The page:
09/21/2017 10:00 am - 11:30 am OWL Room
Unitarian Universalists often identify themselves as the “love people,” as religious progressives who work for positive social change. How does Unitarian Universalist history both support and challenge this self-understanding? In what ways did our faith ancestors work to build a more socially just world and in what ways did they fail to do so? In this course, we will grapple with these and other complex questions, participating in an engaging and thoughtful conversation about UU history, especially as it pertains to race, class, and gender. Participants will have the opportunity to dive into the his- tory first hand by reading and discussing texts written by Unitarians and Universalists in the eighteenth, nineteenth, and twentieth centuries. The course will draw significantly upon material in the recently published book, A Documentary History of Unitarian Universalism (Skinner House, 2017). There are no pre-requisites for the course beyond curiosity and an open mind. All are welcome!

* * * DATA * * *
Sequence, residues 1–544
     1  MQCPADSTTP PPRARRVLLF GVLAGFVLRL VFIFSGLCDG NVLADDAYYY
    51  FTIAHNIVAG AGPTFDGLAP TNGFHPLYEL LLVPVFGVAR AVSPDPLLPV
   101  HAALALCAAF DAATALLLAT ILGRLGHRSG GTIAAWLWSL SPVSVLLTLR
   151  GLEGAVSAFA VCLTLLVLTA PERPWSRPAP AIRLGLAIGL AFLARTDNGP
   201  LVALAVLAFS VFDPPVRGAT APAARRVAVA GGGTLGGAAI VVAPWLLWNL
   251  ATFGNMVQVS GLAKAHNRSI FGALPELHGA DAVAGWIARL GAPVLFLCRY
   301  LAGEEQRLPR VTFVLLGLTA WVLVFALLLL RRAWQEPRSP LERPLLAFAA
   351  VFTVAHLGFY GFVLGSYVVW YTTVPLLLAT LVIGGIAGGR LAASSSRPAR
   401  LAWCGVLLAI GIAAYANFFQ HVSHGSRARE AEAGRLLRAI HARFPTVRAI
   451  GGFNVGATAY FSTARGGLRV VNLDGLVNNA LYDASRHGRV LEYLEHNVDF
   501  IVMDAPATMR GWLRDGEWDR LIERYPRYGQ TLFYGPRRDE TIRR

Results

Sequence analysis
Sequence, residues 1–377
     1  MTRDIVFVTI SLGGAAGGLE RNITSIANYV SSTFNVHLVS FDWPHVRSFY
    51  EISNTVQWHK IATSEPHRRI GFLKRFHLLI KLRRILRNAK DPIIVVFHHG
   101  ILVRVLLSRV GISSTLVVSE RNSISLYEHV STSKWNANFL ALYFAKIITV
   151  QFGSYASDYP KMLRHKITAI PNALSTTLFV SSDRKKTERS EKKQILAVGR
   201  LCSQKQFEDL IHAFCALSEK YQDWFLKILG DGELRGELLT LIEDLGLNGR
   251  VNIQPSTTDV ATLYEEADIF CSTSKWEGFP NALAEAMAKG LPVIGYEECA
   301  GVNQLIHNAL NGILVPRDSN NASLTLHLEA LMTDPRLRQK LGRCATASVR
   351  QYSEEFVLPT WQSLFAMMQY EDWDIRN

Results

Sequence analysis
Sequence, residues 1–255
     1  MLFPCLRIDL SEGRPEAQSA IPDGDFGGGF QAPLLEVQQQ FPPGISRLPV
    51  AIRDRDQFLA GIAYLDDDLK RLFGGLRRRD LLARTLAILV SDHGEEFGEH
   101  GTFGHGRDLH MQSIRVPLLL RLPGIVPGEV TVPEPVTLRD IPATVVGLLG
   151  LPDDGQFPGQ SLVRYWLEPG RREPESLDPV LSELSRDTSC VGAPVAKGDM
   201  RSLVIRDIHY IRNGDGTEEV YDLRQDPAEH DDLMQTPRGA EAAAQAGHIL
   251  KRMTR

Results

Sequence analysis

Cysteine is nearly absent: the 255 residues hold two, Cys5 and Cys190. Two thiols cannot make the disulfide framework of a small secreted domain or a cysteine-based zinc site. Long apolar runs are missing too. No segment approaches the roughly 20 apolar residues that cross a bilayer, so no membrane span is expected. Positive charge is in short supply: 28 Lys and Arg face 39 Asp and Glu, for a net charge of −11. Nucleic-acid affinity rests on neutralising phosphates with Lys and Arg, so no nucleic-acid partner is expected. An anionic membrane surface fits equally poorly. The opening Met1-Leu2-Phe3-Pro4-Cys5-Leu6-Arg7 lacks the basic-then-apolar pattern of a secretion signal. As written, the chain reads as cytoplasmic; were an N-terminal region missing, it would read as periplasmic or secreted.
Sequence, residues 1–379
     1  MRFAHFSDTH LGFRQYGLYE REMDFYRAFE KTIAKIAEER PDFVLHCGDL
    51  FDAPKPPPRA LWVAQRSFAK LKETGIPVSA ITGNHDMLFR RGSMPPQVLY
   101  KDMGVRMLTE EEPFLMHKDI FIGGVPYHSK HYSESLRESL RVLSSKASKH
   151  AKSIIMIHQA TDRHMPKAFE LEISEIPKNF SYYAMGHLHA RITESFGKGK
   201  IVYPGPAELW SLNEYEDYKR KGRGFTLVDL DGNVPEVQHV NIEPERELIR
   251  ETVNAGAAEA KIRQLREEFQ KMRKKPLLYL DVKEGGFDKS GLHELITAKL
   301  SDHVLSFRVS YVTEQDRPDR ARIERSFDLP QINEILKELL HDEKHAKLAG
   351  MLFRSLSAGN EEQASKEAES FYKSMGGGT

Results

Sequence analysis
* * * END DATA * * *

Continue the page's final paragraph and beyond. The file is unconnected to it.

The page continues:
Facilitator: Intern Minister Natalie Malter Dates: Thursdays, Sept. 21st, 28th, and Oct. 5th